Australian Bureau of Statistics 2014, Australian Social Trends – Exploring the gap in labour market outcomes for Aboriginal and Torres Strait Islander Peoples, cat. no. 4102.0. http://www.abs.gov.au/ausstats/abs@.nsf/Lookup/4102.0main+features72014. Accessed 3 May 2016.
Australian Bureau of Statistics 2012, Census of Population and Housing Characteristics of Aboriginal and Torres Strait Islander Australians 2011, ‘Table 13.2: Equivalised Weekly Household Income, by Indigenous status’, data cube: Excel spreadsheet, cat. no. 2076.0. http://www.abs.gov.au/AUSSTATS/abs@.nsf/DetailsPage/2076.02011?OpenDocument. Accessed 3 May 2016.
Australian Bureau of Statistics 2015, Births, Australia, 2014, ‘Table 10.9 Multiple births, Australia- 2004 to 2014’, data cube: Excel spreadsheet, cat no. 3301.0. http://www.abs.gov.au/AUSSTATS/abs@.nsf/DetailsPage/3301.02014?OpenDocument. Accessed 3 May 2016.
Australian Bureau of Statistics 2015, Births, Australia, 2014, ‘Table 11.8 Births of Aboriginal and Torres Strait Islander peoples, Summary – Australia- 2009 to 2014’, data cube: Excel spreadsheet, cat no. 3301.0. http://www.abs.gov.au/AUSSTATS/abs@.nsf/DetailsPage/3301.02014?OpenDocument. Accessed 03 May 2016.
This study would not have been possible without the cooperation and collaboration provided by the staff of Murri Medical, Caboolture; as well as the participation of the parents and carers of the study children. We also acknowledge Daniel Arnold for his assistance with data management and extraction.
This study was funded by a Queensland Children’s Medical Research Institute Project Grant. YLT was funded by a Queensland University of Technology Vacation Research Experience Scheme grant. KH is funded by a QUT Australian Postgraduate Award and a NHMRC Centre for Research Excellence in Lung Health for Aboriginal and Torres Strait Islander children Top-Up Scholarship. KFO is supported by a NHMRC Career Development Fellowship (1045157) and Queensland Government Smart Futures Fellowship. ABC is supported by NHMRC Practitioner Fellowship (1058213).
Availability of data and materials
Study data and materials may be made available on request with appropriate human research ethics committee approval and with the consent of the participating community as required by Australian criteria for research with Indigenous communities.
YLT analysed and interpreted the data and drafted the all versions of the manuscript. AC conceptualised and designed the overall study and revised the first and final versions of the manuscript. JA conceptualised, designed and implemented the overall study. KH is a PhD on the overall study and recruited all participants and acquired the data. KOF is chief investigator on the overall study, assisted with data analysis and interoperation and revised all versions of the manuscript. All authors approved the final version of the manuscript.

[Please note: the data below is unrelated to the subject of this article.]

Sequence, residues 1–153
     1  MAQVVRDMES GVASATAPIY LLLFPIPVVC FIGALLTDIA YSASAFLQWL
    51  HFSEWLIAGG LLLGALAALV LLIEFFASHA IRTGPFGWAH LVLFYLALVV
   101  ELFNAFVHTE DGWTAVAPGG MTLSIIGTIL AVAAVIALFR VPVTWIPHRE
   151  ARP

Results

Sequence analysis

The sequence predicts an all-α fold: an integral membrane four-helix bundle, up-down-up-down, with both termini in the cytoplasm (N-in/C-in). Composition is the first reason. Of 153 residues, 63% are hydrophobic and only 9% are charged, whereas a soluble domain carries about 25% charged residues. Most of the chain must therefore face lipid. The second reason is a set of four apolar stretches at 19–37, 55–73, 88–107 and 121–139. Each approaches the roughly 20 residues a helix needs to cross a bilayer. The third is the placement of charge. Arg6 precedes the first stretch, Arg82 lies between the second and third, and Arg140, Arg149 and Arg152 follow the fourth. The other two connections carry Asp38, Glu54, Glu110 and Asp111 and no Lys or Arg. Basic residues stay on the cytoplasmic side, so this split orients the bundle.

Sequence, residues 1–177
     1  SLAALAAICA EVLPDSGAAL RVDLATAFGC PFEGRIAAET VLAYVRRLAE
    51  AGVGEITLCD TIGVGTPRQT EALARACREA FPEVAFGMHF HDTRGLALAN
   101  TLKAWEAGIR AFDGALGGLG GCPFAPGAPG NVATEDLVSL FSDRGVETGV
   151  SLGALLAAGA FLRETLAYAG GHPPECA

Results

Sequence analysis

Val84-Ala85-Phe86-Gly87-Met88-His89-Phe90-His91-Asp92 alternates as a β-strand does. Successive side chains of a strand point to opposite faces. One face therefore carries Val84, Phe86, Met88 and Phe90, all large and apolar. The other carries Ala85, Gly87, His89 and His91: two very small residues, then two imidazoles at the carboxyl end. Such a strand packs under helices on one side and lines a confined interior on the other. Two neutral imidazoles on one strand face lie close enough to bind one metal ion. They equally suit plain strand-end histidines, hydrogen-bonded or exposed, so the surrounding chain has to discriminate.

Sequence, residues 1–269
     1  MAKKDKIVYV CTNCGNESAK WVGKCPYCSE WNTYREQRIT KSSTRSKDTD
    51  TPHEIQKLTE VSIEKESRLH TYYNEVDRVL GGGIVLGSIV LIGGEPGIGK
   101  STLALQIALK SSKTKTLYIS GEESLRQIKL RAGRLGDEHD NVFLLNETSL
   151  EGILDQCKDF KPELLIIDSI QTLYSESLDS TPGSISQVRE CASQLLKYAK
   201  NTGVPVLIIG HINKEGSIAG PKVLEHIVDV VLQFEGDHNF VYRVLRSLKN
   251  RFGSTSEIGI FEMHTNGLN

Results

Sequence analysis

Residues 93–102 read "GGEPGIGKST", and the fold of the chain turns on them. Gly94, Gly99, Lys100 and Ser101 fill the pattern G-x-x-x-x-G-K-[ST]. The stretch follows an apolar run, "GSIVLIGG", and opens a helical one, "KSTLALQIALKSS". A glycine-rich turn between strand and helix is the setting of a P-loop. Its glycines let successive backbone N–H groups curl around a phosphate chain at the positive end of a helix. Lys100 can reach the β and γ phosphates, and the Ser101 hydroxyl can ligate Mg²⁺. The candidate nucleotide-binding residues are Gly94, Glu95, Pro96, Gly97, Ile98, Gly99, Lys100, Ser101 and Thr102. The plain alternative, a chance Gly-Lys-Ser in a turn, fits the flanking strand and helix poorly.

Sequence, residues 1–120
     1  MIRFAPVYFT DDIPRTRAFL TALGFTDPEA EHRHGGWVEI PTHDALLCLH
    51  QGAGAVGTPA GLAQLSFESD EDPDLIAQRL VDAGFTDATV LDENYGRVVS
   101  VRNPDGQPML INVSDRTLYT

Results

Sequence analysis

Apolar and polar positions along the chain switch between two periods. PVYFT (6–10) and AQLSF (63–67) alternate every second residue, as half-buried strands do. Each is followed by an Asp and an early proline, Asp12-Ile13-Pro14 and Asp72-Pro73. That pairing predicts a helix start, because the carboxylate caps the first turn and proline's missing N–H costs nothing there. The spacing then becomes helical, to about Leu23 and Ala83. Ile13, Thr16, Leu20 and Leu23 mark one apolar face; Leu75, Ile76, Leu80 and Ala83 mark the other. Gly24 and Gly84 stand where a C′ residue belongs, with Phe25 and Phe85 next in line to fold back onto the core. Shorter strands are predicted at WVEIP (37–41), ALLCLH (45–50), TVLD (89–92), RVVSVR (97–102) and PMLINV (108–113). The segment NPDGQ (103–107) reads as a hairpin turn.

YLT, KH, KFO and ABC have no relevant disclosures. JA is the director of the participating health clinic. The authors declare that they have no competing interests.
Consent for publication
Ethics approval and consent to participate
Ethical approval was obtained from the Queensland Children’s Health Services (HREC/12/QRCH/169) and the Queensland University of Technology (1300000741) Human Research Ethics Committees. Written consent was obtained from the parent(s)/guardian(s) of the study participant before study entry.
Rights and permissions
Open Access This article is distributed under the terms of the Creative Commons Attribution 4.0 International License (http://creativecommons.org/licenses/by/4.0/), which permits unrestricted use, distribution, and reproduction in any medium, provided you give appropriate credit to the original author(s) and the source, provide a link to the Creative Commons license, and indicate if changes were made. The Creative Commons Public Domain Dedication waiver (http://creativecommons.org/publicdomain/zero/1.0/) applies to the data made available in this article, unless otherwise stated.
About this article
Cite this article
Lovie-Toon, Y.G., Hall, K.K., Chang, A.B. et al. Immunisation timeliness in a cohort of urban Aboriginal and Torres Strait Islander children. BMC Public Health 16, 1159 (2016). https://doi.org/10.1186/s12889-016-3825-z